of men of this type thexe is simply noc'cd nearly 1,000,000 miles on Dayton,
way of computing the benefits. Im-' Ohio, street railway lines. He is a mo
prove the herds, improve the f,aruis nnd' tormsn.
CLIFFORD SHOWS SIGNS OF LIFE
CASTOR I A
For Infants and Children
In Use For Over 30 Years
Mildred's parents decided that she
must be induced to visit them as soon
as she was able.
"Perhaps it will be good for both of
them," Mrs. Sutton told her husband.
"Clifford might miss her, aad be more
thoughtful when she returned."
"I doubt it: Clifford is not a young
man, my dear. Aud if he neglects her
already, when they have been married
such a little while, and at such a time.
I fear she hasu't much happiness to
look forward to in her life with him.
But perhaps you are right, and a sep
aration will do them both good. We'll
hope so, at least."
Mr. Sutton's Insomnia.
All that night Mr. Sutton tossed rest
lessly, trying to evolve some plan to iu
sure his daughter's happiness. Hm heart
una filled with pity aud love for tier,
r.i.d auger toward Clifford Hamoioud
the man who had sworn to love and
He could think of nothing, however,
but determined to urge Mildred to visit
In the rooming, when he broached the
subject to her, she objected.
"It will be some time before I shall
he able to travel. Father, and I doj'ot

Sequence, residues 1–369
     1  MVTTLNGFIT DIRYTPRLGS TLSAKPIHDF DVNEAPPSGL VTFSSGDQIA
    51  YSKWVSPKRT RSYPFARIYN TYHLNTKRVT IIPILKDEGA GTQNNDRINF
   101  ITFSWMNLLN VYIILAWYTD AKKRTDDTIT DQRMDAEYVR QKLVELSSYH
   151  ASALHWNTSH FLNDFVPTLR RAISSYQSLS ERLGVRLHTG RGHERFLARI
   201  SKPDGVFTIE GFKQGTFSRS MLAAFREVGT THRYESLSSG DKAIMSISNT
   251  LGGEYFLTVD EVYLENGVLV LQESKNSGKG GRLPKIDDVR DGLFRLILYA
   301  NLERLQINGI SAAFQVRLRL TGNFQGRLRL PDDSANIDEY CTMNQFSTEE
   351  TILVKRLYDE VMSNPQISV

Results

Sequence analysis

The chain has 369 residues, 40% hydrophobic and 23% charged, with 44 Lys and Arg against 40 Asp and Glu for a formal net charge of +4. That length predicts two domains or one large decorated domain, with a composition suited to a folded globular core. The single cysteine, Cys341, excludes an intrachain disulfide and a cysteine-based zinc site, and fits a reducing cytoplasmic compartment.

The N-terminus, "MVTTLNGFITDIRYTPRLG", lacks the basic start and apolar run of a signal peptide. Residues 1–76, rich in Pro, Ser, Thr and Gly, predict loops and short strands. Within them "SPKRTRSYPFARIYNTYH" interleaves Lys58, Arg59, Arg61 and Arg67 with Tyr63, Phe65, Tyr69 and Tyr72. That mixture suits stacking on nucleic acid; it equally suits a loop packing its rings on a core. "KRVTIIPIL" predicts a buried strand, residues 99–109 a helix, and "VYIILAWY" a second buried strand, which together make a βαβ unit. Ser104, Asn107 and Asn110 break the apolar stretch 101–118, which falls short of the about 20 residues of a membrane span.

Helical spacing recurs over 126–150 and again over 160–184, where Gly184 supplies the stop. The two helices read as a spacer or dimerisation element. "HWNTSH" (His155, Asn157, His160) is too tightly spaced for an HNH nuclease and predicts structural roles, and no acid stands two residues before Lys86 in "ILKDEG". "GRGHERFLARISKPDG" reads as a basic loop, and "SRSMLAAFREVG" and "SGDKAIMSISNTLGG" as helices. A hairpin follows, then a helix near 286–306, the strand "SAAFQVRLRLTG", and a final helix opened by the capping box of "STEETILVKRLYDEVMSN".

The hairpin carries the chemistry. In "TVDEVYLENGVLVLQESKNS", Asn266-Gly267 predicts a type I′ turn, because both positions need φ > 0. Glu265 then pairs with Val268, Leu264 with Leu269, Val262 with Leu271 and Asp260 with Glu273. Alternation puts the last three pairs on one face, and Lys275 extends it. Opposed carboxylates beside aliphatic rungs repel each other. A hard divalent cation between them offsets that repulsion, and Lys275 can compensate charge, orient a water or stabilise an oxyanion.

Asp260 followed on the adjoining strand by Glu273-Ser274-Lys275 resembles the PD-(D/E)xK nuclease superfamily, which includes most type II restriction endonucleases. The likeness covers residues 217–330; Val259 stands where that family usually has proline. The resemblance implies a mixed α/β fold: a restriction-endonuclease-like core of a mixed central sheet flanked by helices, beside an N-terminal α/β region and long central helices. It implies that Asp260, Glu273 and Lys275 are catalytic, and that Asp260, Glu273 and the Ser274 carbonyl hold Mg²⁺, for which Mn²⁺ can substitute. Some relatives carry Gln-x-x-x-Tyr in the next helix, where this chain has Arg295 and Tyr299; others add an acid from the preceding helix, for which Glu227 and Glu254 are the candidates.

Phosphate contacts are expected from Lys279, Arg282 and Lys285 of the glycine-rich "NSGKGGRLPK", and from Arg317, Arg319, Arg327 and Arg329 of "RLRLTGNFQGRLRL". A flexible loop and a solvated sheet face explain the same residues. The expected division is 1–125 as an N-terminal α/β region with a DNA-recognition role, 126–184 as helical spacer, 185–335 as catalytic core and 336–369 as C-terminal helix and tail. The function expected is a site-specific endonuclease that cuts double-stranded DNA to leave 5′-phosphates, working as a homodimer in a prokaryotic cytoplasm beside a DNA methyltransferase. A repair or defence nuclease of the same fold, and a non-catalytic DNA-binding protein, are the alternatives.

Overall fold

if Clifford can leave his business." She
felt sure that, were she to do as they
wished, it would be impossible to keep
her unhappiness, Clifford's neglect,
Well, wait and see!" Her father
I w ould not urge her, recognizing that
I just now she needed to be humored i;ud
petted more than she needed anytUin.-;
I else, she was hurt nnd wounded by her
husbaud's iudiffereace, and they must
I do all they could to counteract it.
j "We'll" wait a while, then, if she
j doesn't come down, you must come up
(after her," Mrs. Sutton said when her
j husband repeated Mildred's objec
I One morning, after Clifford had been
gone about 10 days, when Mandy
brought her mistress her breakfast,
she Inid a thin envelope beside her
I A letter from Clifford at lastl
"Am having a fine time, aud great
luck with the fish." he commenced;
"they are bitiag well. I hope you are
are all right by this time. Give the
youngster a kiss for me and keep oue
I for yourself." Then follows a few di-
i rections concerning home affairs. It
was an unsatisfactory letter, but it
! brought more happiness to Mildred
j than she had felt since he left her.
She left the letter lying conspicuous
ly on ine uea so ttiat her father and
mother might see it.
Between tho Lines.
"Hello!" her father exclaimed as
soon as he came into the room. "A let
ter from Clifford. What does he have
to say for himself?" he asked gaily.
"Oh, not much!" Mildred answered,
happy that her little ruse had succeed
ed, "He sends kisses to me and the
baby, and says that the fish are biting
"Does he say when he is coming
"No. He doesn't mention it. But
he told me lie'fore he went away that
he would be back in about two or threa
weeks." His omission to mention his
coming had hurt Mildred, but she didn't
intend her father to know it.
"Mother and I must go in a few days.
I hope he'll get back Before we leave.
I'd like to see him; then I dont like
to leave you alone."
"Oh. I am almost well now, and
Miss Elden.will stay until Clifford'
comes," Mildred hastened to reply. It
was no part of her plan to have her
husband and father meet just then. Sha
knew her father's intolerance of any
thing like neglect of duty, to say noth
ing of hit indignation because of hia
love for her. She also knew her hus
band's temper, his dislike to have any
thing he did questioned.
They must not meet. A clash would
be inevitable. ,
(Tomorrow Clifford's Lore Wanes.)